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Planning Retirement Online

Gliding - An Amazing Experience!

                                    May 2010


One of the prizes that Maureen Sommerville won in our Laterlife Challenge 2009 was the 'Active in later life' prize. The prize was a glider flight which she opted to take on the 5th May.

The flight took place at Stafford Gliding Club in Seighford and while Maureen is very active, she had never done any gliding before.

Strapped into a 2 seater K13 glider, Chief Flying Instructor Alan Jolly had her airborne in 200 yards and up to well over 1000 feet in just a few seconds.

“It really was an amazing experience,” said Maureen. “I was a little nervous and didn’t really know what to expect; but once we were airborne it was just so lovely. The glider was dual control, and after Alan explained a bit about what to do, I had a go and even managed a 360 degree turn!

Warren Johnson, the club’s Development Officer, said Maureen could easily take up the sport.

“Gliding is for everyone at any age,” he said. “Our oldest member is 84 and still flies cross country. It is also so much cheaper than people realise. For instance, club members using the winch to get airborne pay just ?7 and our instructors charge them just 34 pence a minute while in the air. Everyone in the club volunteers to help with all aspects of gliding, and that is why the costs are so reasonable.”

Anyone interested in gliding doesn’t have to join the club immediately; the Stafford Gliding club are holding an open weekend on May 30th and 31st when members of the public are invited to come along and enjoy a trial flight for ?30.

Gliding information is available on and also in our earlier article Try Gliding



GliderThis month……

Try Gliding

The launch of the Laterlife Challenge, and the generous provision of a gliding experience flight provided as a prize by Staffordshire Gliding Club, seemed an appropriate time to look in a bit more depth at gliding.

GlidingGliding is surprisingly accessible and there are very few restrictions on who can take part. As a general rule if you are healthy enough to drive a car you are healthy enough to fly a glider and fortunately if you have the skill to drive a car you also have the skill to learn to fly! There are some heightand weight limits for practical reasons so as with anything else it's worth checking with local clubs if you are at all concerned.

Gliding is also quite reasonable as far as costs go, especially when you compare it with, for example, learning to fly a powered aircraft. Experience flights are great value - they can range up and down a bit depending on the club but as an example our friends at Staffordshire Preparing to flyGliding Club offer group experience evenings at £30 a head, which includes a month's membership of the club and a flight. And as with any club if you were to take an annual membership you'll find that flight costs and launch fees are less for full members.

One of the great things about gliding is that it is a very social affair - it's pretty difficult for one person to launch a glider on their own after all, so all the club members tend to pitch in which makes for a great spirit of camaraderie. As you'll see from the pictures scattered around this page (reproduced with the kind permission of Staffordshire Gliding Club) you tend to get a great mix of all types of people and ages at gliding clubs.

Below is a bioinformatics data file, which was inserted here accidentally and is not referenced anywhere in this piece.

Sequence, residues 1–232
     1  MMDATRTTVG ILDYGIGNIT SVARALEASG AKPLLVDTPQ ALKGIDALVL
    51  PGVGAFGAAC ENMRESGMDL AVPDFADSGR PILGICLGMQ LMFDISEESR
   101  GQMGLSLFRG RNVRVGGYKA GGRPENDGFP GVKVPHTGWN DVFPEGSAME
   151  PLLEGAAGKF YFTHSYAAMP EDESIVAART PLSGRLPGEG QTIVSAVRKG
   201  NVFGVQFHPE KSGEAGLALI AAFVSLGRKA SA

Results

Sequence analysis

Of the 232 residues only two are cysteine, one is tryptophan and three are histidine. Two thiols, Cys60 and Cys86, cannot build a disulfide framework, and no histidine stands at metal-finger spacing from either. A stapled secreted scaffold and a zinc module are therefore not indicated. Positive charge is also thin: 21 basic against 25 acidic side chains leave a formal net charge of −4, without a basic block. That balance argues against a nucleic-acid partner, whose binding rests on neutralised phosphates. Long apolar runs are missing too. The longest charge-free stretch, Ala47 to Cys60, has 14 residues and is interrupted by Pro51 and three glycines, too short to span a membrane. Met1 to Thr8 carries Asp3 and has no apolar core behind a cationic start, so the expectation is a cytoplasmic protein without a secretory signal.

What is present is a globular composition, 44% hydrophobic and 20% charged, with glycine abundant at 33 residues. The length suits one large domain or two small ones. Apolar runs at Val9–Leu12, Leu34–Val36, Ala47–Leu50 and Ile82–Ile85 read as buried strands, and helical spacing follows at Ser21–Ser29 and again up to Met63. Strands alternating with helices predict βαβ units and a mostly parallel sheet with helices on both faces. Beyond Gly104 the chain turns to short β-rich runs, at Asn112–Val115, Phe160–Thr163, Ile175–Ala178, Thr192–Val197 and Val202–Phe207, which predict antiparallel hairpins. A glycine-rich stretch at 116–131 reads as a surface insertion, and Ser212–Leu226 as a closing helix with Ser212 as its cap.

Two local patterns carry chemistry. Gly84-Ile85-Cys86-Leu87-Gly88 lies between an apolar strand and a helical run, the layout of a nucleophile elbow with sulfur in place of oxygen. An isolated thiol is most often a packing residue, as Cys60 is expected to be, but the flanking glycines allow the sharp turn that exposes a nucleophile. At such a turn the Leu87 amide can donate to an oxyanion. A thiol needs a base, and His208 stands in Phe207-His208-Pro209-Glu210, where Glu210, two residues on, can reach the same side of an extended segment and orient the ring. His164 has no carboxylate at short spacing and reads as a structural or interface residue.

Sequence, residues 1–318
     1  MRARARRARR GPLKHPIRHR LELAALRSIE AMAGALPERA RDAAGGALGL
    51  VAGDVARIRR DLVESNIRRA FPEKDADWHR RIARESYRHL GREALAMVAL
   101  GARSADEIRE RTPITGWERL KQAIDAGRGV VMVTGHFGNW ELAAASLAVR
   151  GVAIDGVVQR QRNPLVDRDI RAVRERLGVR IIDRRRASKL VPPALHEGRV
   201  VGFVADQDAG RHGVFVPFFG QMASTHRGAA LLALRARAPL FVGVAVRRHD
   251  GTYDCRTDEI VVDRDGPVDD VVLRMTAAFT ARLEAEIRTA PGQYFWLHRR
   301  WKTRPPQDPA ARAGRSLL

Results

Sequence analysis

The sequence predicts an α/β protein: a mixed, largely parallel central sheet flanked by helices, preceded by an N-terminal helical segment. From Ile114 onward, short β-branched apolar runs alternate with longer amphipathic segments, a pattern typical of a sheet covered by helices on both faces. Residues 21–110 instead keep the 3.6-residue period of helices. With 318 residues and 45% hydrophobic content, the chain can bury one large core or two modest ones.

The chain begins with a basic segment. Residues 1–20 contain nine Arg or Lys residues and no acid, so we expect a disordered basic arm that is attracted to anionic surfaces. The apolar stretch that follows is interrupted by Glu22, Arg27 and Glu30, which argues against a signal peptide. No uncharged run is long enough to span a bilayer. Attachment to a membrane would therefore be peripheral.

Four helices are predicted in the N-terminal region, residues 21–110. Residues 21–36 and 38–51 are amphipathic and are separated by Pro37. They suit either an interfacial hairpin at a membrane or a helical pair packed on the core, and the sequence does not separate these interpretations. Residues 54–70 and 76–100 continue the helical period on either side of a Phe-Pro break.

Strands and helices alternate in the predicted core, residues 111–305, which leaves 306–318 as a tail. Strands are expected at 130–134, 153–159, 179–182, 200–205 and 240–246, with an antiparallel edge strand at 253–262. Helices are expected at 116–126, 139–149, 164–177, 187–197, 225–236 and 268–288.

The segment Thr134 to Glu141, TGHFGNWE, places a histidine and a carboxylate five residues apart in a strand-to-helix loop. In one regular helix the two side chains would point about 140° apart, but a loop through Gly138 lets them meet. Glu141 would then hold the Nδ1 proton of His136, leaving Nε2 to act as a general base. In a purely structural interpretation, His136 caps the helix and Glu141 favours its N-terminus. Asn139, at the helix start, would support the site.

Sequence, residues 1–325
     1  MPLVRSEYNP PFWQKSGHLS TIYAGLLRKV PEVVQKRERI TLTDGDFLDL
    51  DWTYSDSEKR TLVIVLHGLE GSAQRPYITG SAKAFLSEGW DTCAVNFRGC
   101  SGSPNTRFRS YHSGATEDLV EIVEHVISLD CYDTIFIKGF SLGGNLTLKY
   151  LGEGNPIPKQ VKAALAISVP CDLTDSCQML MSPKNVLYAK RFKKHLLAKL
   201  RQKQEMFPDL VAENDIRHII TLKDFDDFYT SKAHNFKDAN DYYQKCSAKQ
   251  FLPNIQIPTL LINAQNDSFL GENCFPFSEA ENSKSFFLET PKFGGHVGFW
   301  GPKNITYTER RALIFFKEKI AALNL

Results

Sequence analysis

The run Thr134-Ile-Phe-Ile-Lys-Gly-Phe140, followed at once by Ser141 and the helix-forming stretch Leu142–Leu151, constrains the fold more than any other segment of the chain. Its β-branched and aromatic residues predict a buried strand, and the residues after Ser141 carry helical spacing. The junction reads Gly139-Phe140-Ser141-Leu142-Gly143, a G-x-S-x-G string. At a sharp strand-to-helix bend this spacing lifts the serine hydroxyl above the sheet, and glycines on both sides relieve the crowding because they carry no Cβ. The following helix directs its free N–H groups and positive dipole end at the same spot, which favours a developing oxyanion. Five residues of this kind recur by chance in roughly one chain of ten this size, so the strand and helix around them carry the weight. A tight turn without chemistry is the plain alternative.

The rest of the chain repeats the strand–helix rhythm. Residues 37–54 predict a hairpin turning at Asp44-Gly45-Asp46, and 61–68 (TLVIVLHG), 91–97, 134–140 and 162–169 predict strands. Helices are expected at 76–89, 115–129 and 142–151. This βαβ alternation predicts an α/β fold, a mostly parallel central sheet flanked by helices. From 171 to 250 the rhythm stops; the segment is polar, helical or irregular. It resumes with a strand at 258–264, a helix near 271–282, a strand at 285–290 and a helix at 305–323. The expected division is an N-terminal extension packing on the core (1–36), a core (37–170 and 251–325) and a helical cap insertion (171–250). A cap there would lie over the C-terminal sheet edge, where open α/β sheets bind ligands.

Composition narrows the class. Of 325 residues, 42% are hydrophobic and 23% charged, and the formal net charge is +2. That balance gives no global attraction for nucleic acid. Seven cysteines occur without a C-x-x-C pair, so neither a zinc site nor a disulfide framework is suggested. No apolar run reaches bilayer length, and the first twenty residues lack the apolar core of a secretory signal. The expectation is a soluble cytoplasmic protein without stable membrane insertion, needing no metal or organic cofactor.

Enjoying the daySo what else should you know about gliding? Well we'll start with the basics. A glider is essentially a light aircraft without an engine - which sounds like an unforgiveable design error to many people! So how do they get off the ground? Gliders are launched from the ground in two main ways:

Aerotow: The glider is towed into the air by a powered aircraft. The cable between the two aircraft is released when the glider gets high enough.

Winching: A winch anchored at one end of the runway reels in the glider providing enough speed to get airborne (just like a kite). When the glider is almost above the winch the cable is released and the glider can soar.

gliding2 Soaring: Once the glider is launched it needs to stay in the air and this is where the real skill of gliding and a key difference from powered flight comes in. As the glider has no power of its own it can only stay in the air for an extended time by finding air that is moving upwards at least as fast as the glider is moving (gracefully) downwards.

This is where mother nature delivers some expert guidance from our feathered friends. In exactly the same way that birds use thermals, ridge lift and wave lift (good explanations of those here) to gain altitude and stay aloft so do gliders. By skilfully using these sources of lift heights of up to 50,000 feet and flights of over 1500 miles have been achieved! Obviously local conditions have a great deal of impact on the availability of lift but even in the UK over 600 miles was covered in a 12 hour flight using thermals.

view from glider

Gliding can be a fantastic way to spend a day or even as a new long term interest so why not give it a go and experience something unique?

More information about gliding, local clubs and the British Gliding Team can be found at the British Gliding Association



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